They zeroed in on a tumor-supressing microRNA called let-7. When the team activated let-7 in the stem cells, they lost their ability to self-renew and began to differentiate. The cells also became less able to form tumors in mice or to metastasize. Further studies showed that let-7 did this by switching off two cancer-related genes: the oncogene Ras, and HMG2A, which when switched off caused the cells to differentiate.
If this finding applies to other tumor types, let-7 may offer a unique opportunity to attack tumor stem cells using therapeutic RNA. Delivery of the let-7 RNA to tumors could potentially deplete stem cells by pushing them down the path of differentiation. Using small RNAs to treat disease is a topic Lieberman is quite familiar with—in 2003, her lab was the first to show therapeutic RNAs could work in an animal model of liver disease, and their work has since focused on devising methods for targeting RNAs to all kinds of cells. Yu, now a visiting student in the Lieberman lab, is looking at ways to deliver the let-7 RNA mimics to stem cells.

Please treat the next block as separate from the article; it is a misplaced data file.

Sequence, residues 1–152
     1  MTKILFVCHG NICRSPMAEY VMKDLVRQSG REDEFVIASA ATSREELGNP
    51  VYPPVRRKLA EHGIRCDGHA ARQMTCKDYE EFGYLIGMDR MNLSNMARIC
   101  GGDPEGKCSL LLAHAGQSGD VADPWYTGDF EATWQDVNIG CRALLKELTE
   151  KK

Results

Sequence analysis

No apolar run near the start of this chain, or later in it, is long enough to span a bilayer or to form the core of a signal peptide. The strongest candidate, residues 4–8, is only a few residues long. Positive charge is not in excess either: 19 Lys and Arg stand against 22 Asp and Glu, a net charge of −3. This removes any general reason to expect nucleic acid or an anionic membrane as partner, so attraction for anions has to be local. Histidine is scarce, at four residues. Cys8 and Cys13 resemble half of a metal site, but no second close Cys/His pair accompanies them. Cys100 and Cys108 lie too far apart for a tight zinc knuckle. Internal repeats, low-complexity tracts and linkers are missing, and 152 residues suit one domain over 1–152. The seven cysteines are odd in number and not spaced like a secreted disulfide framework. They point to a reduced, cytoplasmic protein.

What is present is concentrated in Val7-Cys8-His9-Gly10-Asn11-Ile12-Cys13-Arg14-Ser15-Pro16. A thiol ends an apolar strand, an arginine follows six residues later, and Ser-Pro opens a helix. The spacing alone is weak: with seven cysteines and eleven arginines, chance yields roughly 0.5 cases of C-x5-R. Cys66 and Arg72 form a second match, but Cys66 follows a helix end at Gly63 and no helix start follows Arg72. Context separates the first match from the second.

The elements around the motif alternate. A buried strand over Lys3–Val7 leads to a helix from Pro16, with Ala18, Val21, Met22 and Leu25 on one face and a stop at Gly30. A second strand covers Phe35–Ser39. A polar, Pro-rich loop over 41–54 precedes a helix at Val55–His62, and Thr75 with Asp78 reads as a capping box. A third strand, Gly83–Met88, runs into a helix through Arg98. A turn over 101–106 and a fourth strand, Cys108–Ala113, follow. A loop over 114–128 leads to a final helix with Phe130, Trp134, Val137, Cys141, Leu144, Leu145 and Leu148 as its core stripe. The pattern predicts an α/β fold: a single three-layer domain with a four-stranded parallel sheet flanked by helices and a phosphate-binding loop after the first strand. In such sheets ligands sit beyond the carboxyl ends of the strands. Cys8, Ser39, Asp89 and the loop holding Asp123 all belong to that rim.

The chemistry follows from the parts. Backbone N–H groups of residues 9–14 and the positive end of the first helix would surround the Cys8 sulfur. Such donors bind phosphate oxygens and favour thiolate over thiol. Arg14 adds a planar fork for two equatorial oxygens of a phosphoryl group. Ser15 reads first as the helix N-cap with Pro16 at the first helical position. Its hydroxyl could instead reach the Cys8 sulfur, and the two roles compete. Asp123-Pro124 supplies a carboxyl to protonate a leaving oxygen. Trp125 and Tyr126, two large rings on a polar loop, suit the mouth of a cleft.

“One of the fundamental problems of all the therapies that we have is that they are not doing anything to these cells,” Lieberman says. “If those turn out to be the cells that go on and form metastases and are resistant to chemotherapy and are responsible for relapses, and if your therapy isn’t dealing with those cells and is, in fact, selecting for them, that is very worrisome.”